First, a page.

FIG. 4 is a cross-sectional view of the region of the microstructure of the present invention around the conductive plane after the polysilicon layer has been deposited.
FIG. 5 is a cross-sectional view of the region of the microstructure of the present invention around the conductive plane after removal of the spacer underneath the movable structure.
With reference to FIG. 1, a portion of a micromachined electro-mechanical structure is shown. A polysilicon movable mass 20 includes a central beam 26, from which extend fingers 22. Mass 20 is suspended by anchors 24 above substrate 30, so that it moves in directions "A" and "B" in response to a force along the X-axis.
Fixed fingers 34 and 36 are interleaved between mass fingers 22 to form a differential capacitor. The capacitance of the differential capacitor changes in response to movement of mass 20 and its fingers 22 relative to fixed fingers 34 and 36.
High-frequency signals (preferably, approximately 1 megahertz) of the same amplitude but 180 degrees out of phase are applied to fixed fingers 34 and 36, respectively. The high-frequency signals also may have different d.c. biasing signals applied. Mass 20 will be at a potential midway between the potentials of the biasing signals when no force is applied to the sensor. A force along the X-axis causes mass 20 and its fingers 22 to move relative to fixed fingers 34 and 36. This induces a high-frequency signal in mass 20, with its amplitude modulated in proportion to the magnitude of the force.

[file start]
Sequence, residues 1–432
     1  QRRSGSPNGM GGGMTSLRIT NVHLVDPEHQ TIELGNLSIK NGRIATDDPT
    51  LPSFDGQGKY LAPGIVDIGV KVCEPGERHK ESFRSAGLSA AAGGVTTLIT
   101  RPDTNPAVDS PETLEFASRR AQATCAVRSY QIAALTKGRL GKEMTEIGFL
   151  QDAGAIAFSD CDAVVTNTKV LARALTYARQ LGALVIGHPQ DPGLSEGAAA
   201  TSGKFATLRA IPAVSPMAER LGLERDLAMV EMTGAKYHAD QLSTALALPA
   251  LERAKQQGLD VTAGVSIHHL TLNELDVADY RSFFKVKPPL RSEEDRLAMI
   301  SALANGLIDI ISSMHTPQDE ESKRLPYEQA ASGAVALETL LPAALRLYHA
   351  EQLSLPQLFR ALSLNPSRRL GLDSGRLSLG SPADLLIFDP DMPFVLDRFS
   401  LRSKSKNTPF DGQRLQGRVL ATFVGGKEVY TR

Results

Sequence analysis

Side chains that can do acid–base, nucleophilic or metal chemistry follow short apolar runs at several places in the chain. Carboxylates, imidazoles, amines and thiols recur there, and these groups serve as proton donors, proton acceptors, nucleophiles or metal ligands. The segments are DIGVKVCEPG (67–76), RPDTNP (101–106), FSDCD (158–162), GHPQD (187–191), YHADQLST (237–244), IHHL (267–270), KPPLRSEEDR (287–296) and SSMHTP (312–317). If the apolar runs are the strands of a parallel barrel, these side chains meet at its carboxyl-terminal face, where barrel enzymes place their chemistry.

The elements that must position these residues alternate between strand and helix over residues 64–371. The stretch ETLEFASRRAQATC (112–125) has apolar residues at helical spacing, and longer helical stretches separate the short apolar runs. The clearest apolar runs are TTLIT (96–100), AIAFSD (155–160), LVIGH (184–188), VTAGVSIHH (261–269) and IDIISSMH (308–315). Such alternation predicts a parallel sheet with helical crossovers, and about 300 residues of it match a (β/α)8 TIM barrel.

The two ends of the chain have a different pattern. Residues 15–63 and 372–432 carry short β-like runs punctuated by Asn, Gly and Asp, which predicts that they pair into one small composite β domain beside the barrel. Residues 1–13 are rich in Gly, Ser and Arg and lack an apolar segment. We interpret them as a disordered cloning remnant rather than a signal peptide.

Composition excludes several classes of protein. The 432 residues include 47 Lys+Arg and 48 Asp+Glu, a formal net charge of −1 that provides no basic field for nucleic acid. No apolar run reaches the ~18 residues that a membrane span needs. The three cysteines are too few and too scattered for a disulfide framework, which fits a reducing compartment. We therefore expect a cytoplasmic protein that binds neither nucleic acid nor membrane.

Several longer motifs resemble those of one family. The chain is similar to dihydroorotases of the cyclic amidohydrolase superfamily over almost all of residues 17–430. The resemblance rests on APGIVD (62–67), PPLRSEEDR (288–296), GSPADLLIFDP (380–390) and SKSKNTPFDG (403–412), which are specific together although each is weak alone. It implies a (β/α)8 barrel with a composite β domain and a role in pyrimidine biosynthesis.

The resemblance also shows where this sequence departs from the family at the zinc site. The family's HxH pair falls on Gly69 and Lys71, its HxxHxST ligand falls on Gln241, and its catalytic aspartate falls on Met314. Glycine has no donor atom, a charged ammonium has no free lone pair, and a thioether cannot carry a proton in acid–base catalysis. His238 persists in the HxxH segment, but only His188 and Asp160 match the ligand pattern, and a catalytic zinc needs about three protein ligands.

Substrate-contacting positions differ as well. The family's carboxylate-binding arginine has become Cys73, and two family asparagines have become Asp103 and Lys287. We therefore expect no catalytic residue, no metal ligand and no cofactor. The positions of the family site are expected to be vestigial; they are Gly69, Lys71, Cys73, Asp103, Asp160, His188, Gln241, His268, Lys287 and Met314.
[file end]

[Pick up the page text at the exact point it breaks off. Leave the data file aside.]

Diffused into substrate 30 is exposed n+ region 40, which serves as a conductive plane. Exposed n+ region 40 is part of n+ diffusion area 41. Preferably, exposed n+ region 40 is situated below all of mass fingers 22, which perform the sensing function, and most of the central beam 26 of mass 20. In a preferred embodiment, n+ diffusion area 41 lies under substantially all of mass 20 except in the vicinity of anchors 24. Exposed n+ region 40 may be situated below a portion of fixed fingers 34 and 36.
FIG. 2 is a block diagram of the circuit for driving the bare conductive plane at a potential of the microstructure. As is shown, the signals on mass 20 are output through line 42. Line 42 connects to node 44, which also connects via line 46 to circuitry (not shown) for processing the signal on mass 20, and to the input of buffer 48 via line 47. The output of buffer 48 feeds the signal from mass 20 to exposed n+ region 40, and, therefore, the rest of n+ diffusion area 41, via line 49.
Alternatively, additional elements could be added to the feedback circuit. For example, only the d.c. components of the signal on mass 20 could be fed to exposed n+ region 40 (by adding a low-pass filter), or an additional input could be provided to exposed n+ region 40 for testing or biasing purposes through conventional circuits.